Ohio Gov. Mike DeWine. Photo by Scott Olson/Getty Images.
Many Ohioans were scratching their heads earlier this month.
The administration of Gov. Mike DeWine had just restarted a massive contract with Centene Corp. Only six months earlier, Attorney General Dave Yost agreed to accept $88.3 million from the company to settle claims that it had defrauded the state’s Medicaid program of tens of millions of dollars.
The money was part of $1.1 billion the company set aside to settle such claims in multiple states.
DeWine was already embroiled in a historic energy scandal in which his appointee to the state’s utility regulator took what Yost called a $4.3 million bribe and did favors worth hundreds of millions to FirstEnergy, the company that paid it, the company and federal prosecutors said in a deferred prosecution agreement. It was part of a broader conspiracy to pass a $1.3 billion bailout law that DeWine signed.
So you might think — especially heading into a tough election year — that DeWine would want to avoid any appearance of impropriety or special dealing.
But it turns out that Centene hired an old friend of the governor to lobby on its behalf just as Yost’s lawsuit was about to be filed.
On Jan. 1, Michael Kiggin filed paperwork with the Joint Legislative Ethics Committee saying that he’d bgeen hired by Centene to lobby DeWine, Yost, Lt. Gov. Jon Husted and the Medicaid department on “decisions regarding Medicaid managed care” — the service that Centene provided at great expense to Ohio taxpayers.
Kiggin and DeWine’s spokesman didn’t respond to questions for this story — including whether it’s proper for an old, close friend of DeWine to hire himself out to big corporations to lobby the governor on their behalf. But it’s clear that Kiggin and DeWine go back.
According to a 2019 EyeonOhio report published by Cleveland.com, Kiggin and DeWine attended the Ohio Northern University College of Law together and were top officers in the Student Bar Association. Just after DeWine was sworn in as Ohio attorney general in 2011, Kiggin was taking money from a pair of lawyers to help them get a lucrative contract to collect state debts, the report said.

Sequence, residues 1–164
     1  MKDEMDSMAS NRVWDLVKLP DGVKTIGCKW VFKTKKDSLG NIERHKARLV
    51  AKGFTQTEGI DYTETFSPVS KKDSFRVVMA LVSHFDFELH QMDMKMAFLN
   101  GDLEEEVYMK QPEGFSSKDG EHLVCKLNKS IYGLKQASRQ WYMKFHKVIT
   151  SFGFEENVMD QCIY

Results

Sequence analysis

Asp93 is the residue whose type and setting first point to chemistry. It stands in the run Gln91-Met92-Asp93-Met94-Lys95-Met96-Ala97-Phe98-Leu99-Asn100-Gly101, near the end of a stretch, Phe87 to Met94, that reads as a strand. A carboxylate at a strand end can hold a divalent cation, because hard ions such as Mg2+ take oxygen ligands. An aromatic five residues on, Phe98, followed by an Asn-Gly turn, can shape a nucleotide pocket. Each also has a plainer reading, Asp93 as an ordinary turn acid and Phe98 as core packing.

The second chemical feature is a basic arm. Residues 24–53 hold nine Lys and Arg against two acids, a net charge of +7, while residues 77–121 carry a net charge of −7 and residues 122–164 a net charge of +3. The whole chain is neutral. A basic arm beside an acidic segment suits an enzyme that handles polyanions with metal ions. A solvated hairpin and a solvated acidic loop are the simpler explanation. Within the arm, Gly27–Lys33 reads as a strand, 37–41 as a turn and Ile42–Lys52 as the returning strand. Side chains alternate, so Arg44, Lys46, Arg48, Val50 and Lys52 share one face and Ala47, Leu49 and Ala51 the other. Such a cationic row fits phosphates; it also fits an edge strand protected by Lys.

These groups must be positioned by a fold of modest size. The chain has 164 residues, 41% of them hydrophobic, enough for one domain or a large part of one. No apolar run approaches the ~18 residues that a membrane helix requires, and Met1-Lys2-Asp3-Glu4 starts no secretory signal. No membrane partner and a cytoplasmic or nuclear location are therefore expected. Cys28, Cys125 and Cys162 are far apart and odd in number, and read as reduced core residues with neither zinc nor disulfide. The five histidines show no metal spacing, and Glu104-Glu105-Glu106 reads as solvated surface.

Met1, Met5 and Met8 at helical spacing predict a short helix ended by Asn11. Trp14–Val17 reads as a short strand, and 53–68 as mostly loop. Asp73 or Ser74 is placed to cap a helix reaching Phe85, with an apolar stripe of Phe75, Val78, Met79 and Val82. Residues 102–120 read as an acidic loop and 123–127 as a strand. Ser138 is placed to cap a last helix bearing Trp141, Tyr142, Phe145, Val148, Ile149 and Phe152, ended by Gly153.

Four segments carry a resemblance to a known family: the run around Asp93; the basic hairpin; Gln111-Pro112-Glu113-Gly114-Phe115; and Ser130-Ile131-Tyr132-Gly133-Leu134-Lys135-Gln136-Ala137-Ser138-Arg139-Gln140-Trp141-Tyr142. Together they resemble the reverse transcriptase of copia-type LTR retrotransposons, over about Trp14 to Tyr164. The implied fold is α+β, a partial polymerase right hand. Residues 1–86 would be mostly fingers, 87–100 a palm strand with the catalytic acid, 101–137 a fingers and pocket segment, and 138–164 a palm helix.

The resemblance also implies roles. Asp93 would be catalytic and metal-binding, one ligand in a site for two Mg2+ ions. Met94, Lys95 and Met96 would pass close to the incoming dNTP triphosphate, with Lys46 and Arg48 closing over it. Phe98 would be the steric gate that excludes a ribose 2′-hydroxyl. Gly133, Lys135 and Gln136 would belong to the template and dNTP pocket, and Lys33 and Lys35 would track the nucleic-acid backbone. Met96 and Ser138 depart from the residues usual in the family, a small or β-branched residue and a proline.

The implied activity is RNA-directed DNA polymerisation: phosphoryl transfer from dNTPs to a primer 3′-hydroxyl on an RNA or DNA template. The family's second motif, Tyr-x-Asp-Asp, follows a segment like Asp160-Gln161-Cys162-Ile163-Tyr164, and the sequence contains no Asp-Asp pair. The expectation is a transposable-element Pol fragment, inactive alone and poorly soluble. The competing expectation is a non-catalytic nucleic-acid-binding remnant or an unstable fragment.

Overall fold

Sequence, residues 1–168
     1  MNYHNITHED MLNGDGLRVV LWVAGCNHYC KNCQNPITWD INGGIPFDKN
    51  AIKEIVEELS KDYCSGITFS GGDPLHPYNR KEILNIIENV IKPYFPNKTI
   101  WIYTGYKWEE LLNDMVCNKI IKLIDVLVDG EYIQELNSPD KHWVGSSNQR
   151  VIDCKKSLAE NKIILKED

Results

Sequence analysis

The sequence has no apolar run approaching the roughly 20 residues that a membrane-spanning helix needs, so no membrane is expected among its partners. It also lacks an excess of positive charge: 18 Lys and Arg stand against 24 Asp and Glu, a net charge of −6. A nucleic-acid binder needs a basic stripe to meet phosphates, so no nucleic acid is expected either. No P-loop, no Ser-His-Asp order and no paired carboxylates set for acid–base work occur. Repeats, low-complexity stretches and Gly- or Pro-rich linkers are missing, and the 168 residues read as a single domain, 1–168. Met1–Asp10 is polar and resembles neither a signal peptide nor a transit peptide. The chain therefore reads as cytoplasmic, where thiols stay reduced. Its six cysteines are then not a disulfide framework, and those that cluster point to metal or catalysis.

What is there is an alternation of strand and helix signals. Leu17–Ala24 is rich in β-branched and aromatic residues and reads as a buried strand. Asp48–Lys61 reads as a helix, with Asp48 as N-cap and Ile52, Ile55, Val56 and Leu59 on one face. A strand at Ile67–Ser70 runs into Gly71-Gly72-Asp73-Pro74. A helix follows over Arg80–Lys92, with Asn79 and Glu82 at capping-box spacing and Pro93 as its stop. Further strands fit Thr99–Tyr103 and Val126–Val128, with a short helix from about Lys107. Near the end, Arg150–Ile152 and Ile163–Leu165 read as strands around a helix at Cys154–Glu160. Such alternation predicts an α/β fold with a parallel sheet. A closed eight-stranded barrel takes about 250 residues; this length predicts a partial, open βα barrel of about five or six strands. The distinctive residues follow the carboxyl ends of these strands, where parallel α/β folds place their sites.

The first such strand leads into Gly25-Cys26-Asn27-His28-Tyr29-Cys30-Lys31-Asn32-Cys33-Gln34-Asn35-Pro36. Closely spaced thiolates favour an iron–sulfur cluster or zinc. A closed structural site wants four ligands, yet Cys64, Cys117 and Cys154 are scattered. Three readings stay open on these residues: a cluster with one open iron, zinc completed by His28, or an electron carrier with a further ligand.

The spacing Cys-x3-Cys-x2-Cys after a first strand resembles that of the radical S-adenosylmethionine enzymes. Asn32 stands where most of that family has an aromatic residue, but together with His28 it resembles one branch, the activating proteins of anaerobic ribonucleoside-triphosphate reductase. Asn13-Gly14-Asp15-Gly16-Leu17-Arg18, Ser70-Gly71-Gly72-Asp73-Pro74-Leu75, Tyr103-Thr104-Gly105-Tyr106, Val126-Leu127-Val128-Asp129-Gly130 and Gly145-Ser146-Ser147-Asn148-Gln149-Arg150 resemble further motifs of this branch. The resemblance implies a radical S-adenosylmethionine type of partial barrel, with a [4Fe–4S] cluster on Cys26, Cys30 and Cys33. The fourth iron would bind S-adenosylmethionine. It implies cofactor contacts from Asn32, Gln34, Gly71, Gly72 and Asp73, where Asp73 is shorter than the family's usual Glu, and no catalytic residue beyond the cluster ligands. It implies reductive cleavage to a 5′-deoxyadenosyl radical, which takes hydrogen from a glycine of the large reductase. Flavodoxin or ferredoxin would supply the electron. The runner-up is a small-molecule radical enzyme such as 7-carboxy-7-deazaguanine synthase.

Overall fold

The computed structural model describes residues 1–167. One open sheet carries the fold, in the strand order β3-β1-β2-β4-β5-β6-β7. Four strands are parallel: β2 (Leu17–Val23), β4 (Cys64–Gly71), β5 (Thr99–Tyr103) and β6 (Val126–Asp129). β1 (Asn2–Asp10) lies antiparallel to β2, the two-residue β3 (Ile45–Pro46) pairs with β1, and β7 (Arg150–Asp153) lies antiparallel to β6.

After DeWine’s election as governor in 2018, his “long-time friends Michael and Suzanne Kiggin” were selected as honorary chairs of DeWine’s inaugural committee.
Long-time friends Michael and Suzanne Kiggin will serve as honorary chairs of Gov.-elect @MikeDeWine inaugural committee. Events from Jan. 11-14 dubbed a celebration of "Faith, Family & Friends." Details on events to come. pic.twitter.com/ciDcolnIpt
— Randy Ludlow (@RandyLudlow) December 6, 2018
And, once he took office, DeWine awarded Kiggin one of the juiciest plums a governor can grant — a seat on the Ohio State University Board of Trustees. There he serves with such luminaries as Abigail Wexner, wife of local billionaire Les Wexner, and Alex Fischer, president and CEO of the highly influential Columbus Partnership.
As with Kiggin and DeWine, Centene won’t say what DeWine’s friend did on the corporate dime. But Kiggin was on the Centene payroll during the critical period in March when, just after Yost accused the company of massive fraud, the state Medicaid department suspended a contract it was negotiating with Centene’s subsidiary for 2022.